The problem with revolution, though, is that you rarely get the chance to pull one off. The right conditions don’t come along very often. In the meantime you can do nothing, or you can try reform: change what you can. An incremental change is still a change. If it doesn’t help everybody, it may help someone. And enough incremental changes can create the conditions for the big, revolutionary change that’s currently out of reach, like a thousand tiny adjustments shape a bonsai.

“Slow Sculpture” argues that it’s better to think of people as stubborn than stupid. Trees and human society are slow to change, and need constant tending if they’re going to change in the right way; you can’t afford to get frustrated when it proves impossible to force it. It’s not a good world, but it’s better to keep pushing whatever levers you have access to than to give up.


  1. A term reportedly coined by Leiber himself.  ↩

  2. The Fafhrd/Mouser stories were a big influence on Dungeons & Dragons, to the point TSR licensed them for a supplement.  ↩

  3. Another prequel featuring only Fafhrd, “The Snow Women,” also got a Nebula nomination.  ↩

  4. The one time he won a Hugo was for “Eurema’s Dam,” which even Lafferty didn’t think was his best work: in an interview available online, he says “Winning the Hugo Award for ‘Eurema’s Dam’ puzzled me completely, and I’m still puzzled by it.”  ↩

The Venn Diagram of Science Fiction and Fantasy Awards: 1970, Part Two

(I’ve been reading the stories that got both Hugo and Nebula nominations. To see all the posts in the series, check the “Joint SFF Nominations” tag.

Because this one was running long, I decided to split it into two parts. Before reading this you’ll want to check out the first half, which among other things includes the story list.)

Possession

Robert Silverberg’s “Passengers” isn’t as excruciatingly uncomfortable as “A Boy and His Dog” but isn’t great. In the story’s world incorporeal “Passengers” take people’s bodies on joyrides. (These sound more like drivers than passengers, but never mind.) Victims are conscious during the possession but normally remember nothing afterwards. Charles wakes up after a Passenger used his body for sex with a Passenger in the body of a woman named Helen. He remembers his possession and recognizes Helen on the street. She has no memory of Charles. Charles decides he and Helen are meant to be together and chats her up. When he admits they were possessed together she’s repulsed, but immediately gets over it. Just as it looks like Charles will get lucky another Passenger possesses him and makes him walk off with a man.

Some SFF stories are metaphors, but also literal in a way absurdist or surrealist stories aren’t. Neither level needs to work perfectly (and the literal level doesn’t always entirely need to make sense), but it helps if neither goes entirely off the rails. “Passengers” has problems on both levels. Literally, Charles is trying to pick Helen up knowing important information about her while Helen knows nothing whatsoever about him. In other words, he’s a stalker. And when Charles runs into Helen after his possession it’s hard to believe he’s attracted to her and not newly traumatized. And after Helen learns what’s happening she goes from horrified to okay like the author flipped a switch. “Passengers” does not deal honestly with the emotional implications of its premise.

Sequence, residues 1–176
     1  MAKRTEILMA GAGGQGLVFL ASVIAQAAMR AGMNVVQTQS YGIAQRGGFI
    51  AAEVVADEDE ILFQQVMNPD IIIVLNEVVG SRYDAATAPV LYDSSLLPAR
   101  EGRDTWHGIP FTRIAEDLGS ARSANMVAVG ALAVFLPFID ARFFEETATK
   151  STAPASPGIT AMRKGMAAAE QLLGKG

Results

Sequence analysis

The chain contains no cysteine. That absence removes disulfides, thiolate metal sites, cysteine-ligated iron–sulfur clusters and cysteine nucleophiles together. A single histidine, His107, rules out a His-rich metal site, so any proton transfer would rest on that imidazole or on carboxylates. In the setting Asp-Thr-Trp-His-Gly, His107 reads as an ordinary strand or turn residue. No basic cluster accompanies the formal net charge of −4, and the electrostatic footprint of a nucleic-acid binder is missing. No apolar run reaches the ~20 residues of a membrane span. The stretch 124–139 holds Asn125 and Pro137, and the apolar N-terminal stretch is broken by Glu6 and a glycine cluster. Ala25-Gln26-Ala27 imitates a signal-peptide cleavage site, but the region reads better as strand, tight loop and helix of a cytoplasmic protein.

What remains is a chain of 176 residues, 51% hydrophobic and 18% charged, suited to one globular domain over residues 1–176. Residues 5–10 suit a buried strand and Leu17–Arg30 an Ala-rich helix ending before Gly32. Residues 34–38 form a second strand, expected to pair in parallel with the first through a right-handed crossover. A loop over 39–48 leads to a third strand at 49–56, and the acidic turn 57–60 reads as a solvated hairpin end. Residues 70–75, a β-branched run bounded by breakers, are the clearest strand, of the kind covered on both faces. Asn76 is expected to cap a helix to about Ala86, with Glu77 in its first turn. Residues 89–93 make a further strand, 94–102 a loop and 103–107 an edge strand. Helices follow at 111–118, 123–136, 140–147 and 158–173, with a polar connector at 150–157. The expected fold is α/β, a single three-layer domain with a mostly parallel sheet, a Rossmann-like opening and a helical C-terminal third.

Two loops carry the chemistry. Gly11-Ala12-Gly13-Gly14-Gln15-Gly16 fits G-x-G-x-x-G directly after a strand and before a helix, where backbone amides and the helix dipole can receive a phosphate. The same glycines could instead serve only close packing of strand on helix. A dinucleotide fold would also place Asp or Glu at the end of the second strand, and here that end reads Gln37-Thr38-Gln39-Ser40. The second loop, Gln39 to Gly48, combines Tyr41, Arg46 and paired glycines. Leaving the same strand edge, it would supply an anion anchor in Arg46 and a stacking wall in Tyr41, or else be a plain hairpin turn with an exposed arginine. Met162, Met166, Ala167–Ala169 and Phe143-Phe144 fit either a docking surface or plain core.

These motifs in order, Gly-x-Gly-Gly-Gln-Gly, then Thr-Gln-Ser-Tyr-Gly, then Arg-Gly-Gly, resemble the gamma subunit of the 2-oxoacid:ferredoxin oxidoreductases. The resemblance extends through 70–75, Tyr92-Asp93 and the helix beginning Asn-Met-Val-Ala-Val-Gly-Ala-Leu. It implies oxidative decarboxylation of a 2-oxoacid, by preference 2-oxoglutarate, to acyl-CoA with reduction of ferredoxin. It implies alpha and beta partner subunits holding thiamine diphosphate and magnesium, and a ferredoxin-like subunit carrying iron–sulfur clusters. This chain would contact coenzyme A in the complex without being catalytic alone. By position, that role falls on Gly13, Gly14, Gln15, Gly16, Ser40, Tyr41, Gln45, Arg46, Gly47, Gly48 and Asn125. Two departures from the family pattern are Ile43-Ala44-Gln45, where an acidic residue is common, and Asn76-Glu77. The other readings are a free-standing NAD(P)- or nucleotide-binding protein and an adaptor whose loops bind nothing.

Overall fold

Metaphorically, Charles and Helen had an impulsive one night stand and now Charles wants a relationship. “Passengers” is concerned with free will: “It is the old problem, free will versus determinism, translated into the foulest of forms. Determinism is no longer a philosopher’s abstraction; it is cold alien tendrils sliding between the cranial sutures.” Charles ponders whether he can tell the difference between his own choices and choices a Passenger made for him. “Did we ever have more than that: the illusion of freedom?”

But as a metaphor for the forces that actually constrain people’s choices—economic, social, psychological—the Passengers don’t work. Real determinism is “I have to keep the job that expects me to work sixty hour weeks because I can’t afford to lose my health insurance,” or “I can’t take on another project because with my Attention Deficit Disorder I can only handle so much.” Passengers just make people act randomly: “I slept with that woman because I couldn’t help myself.” That’s not a constraint, that’s a whim. “Passengers” feels less like a serious meditation on free will than an evasion of responsibility. Literally it’s a tragedy; metaphorically, it’s a fantasy of blamelessness.

“Dramatic Mission” is the third and last time Anne McCaffrey turns up in this series. I’d like to insightfully sum up her stories but, honestly, I’m just bored. Like the two Pern novellas, “Dramatic Mission” is awkwardly written and glacially paced. The characters are so shallow I had trouble recalling who everyone was, or even how many characters there were. And all three stories bury weird unexamined assumptions in their worldbuilding. Here, Helva is a human born with significant (I assume potentially fatal) physical disabilities who was given a spaceship for a body… and told she had to work off the cost. She literally needs to “buy herself back from Central Worlds.” A few paragraphs later the story says “According to Central Worlds’ charter, no sentient entity could be placed in a condition suggesting peonage,” but what did you just get done telling us, Anne?